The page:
Sorry, but I am a Christian. I don't believe anyone of my religious faith, however, should seek to impose or advance Christianity using the authority and powers of government.

Angry Republican said...

Wilson said:
"Someplace out there is an "Angry Whig" awaiting for the Whig Party to return to its true roots and select a decent candidate worth voting for again ... in the meantime, make the best of what's out there!"

Well, I don't know if I'm waiting for the Whig party to come back, but certainly the old Republican party - the one whose president freed the slaves and the one that believed people ought to be able to live their lives generally free from government interference. Maybe that's what you were getting at, Wilson?

It's ironic, don't you think? Once the party was taken over by the ultra-social conservatives, the party went straight to hell.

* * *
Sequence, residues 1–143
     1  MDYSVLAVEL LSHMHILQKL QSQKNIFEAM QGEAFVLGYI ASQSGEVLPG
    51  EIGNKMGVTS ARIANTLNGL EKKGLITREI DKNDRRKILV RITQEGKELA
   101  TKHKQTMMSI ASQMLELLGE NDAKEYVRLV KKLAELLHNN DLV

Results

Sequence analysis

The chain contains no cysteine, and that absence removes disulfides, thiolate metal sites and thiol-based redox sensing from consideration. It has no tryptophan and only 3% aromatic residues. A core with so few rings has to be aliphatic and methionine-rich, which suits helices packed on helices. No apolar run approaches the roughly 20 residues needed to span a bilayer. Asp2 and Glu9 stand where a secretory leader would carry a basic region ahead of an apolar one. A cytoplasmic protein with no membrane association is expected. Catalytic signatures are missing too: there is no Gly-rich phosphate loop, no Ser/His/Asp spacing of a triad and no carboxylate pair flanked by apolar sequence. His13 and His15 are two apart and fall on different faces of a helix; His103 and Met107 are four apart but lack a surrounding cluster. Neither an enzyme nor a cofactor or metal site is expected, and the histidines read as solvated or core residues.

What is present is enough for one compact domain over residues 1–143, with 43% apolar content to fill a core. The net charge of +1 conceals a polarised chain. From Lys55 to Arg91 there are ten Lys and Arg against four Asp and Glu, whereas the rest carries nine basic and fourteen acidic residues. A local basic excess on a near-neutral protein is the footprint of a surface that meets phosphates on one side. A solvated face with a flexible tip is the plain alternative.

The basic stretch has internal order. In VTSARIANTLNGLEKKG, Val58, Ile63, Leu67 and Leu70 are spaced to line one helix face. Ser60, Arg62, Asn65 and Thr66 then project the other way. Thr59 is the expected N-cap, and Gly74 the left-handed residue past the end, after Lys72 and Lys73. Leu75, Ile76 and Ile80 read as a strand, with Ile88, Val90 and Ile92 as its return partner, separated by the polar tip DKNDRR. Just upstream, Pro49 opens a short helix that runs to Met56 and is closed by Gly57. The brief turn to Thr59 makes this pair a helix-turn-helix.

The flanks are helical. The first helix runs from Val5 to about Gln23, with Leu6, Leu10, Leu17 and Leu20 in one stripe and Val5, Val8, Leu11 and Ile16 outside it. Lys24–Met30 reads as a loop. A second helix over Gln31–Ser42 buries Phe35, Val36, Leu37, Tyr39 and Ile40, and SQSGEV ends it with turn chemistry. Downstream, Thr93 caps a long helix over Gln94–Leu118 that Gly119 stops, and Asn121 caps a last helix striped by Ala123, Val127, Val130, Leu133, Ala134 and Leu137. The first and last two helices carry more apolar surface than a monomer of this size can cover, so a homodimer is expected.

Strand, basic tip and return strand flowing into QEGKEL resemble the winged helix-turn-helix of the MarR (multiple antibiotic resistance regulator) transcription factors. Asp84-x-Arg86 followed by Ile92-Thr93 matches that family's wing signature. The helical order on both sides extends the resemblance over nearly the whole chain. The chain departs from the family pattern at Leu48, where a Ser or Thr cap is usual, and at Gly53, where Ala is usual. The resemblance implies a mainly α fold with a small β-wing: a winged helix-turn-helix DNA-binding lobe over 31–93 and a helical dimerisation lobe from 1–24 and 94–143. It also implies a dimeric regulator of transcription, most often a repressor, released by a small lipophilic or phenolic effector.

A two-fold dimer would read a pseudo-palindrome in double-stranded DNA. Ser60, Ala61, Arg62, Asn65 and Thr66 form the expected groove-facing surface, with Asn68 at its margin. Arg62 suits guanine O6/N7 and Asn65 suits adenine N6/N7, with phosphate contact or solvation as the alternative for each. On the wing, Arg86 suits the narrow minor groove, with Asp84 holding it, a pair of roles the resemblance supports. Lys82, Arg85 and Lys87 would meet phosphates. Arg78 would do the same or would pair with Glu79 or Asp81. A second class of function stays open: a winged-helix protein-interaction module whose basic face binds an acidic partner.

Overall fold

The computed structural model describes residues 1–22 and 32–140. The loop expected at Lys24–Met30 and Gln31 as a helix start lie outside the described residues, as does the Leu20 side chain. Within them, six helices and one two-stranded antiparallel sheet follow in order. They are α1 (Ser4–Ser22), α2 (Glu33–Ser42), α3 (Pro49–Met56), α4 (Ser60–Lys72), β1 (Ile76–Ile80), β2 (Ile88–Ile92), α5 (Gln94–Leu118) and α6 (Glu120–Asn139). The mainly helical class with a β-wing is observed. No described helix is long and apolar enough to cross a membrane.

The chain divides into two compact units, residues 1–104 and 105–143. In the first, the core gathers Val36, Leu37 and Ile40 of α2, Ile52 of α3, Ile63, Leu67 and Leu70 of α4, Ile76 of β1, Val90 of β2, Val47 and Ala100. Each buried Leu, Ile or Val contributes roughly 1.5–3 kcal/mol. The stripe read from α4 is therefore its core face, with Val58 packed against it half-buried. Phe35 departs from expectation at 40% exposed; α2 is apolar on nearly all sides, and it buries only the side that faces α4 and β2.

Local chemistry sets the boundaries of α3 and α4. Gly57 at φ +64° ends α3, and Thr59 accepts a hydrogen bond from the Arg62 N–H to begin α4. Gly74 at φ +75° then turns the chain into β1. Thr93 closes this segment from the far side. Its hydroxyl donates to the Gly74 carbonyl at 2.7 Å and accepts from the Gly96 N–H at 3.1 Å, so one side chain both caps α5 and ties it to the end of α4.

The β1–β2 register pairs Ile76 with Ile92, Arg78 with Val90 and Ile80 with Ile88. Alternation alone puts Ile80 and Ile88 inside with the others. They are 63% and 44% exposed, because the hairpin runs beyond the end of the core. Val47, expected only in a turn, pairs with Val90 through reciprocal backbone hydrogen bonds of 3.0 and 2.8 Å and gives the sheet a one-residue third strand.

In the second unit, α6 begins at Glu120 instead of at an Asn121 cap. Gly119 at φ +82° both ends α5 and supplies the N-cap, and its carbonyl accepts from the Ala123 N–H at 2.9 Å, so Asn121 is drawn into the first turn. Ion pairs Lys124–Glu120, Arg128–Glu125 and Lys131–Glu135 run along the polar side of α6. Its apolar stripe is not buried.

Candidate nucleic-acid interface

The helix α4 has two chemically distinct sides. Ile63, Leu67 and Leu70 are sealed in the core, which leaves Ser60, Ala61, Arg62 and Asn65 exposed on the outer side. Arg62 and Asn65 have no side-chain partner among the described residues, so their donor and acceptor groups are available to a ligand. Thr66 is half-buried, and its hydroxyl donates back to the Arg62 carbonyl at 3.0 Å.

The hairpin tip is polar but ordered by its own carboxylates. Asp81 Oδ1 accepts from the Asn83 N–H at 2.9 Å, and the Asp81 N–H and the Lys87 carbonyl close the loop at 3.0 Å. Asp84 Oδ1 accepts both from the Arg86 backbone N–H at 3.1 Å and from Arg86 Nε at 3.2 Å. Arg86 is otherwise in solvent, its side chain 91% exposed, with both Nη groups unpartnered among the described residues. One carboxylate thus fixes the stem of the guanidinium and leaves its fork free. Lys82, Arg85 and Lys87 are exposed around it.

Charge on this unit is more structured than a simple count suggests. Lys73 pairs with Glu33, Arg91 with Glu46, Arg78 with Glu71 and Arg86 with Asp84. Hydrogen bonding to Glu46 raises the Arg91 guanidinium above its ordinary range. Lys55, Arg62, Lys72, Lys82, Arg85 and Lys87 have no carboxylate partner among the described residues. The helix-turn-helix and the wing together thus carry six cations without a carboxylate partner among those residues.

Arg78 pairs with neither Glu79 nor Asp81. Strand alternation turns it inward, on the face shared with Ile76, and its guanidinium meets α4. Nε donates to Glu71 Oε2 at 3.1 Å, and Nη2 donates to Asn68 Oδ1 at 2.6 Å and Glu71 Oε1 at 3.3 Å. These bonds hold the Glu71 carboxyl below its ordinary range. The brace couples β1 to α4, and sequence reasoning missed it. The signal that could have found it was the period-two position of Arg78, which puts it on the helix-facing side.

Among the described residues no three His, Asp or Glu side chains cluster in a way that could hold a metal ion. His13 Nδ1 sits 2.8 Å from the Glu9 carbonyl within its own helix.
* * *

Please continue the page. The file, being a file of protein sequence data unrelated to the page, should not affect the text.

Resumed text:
As to the other poster - no, there shouldn't be religious tests. I could care less if someone is a Christian, Jew, Muslim, or anything else. It's using religion as a means to sanction government discrimination to which I am opposed.

AR

Anonymous said...

AR:

Your party went to hell well before the rise of the social conservatives. You're just late to the party. There are only 4 types of Republicans left: the social conservatives/relig right, the chickenhawks who send others abroad to die, the Rockefeller types, and people like you and advanceindiana, who have succumbed to (been intoxicated by?) a very thin rhetoric about minimal government.

It ain't too late for you to atone: the Democratic party has all types, is committed to racial equality, economic justice and liberty. You're not a social conservative, nor committed to advancing the word of some God through policy. And, here's the bad news: you're not a rockefeller republican. They're laughing at you and AI in the country clubs.

Come on over to the party that genuinely believes in the separation of church and state, the most vulnerable amongst us, and liberty and justice for all.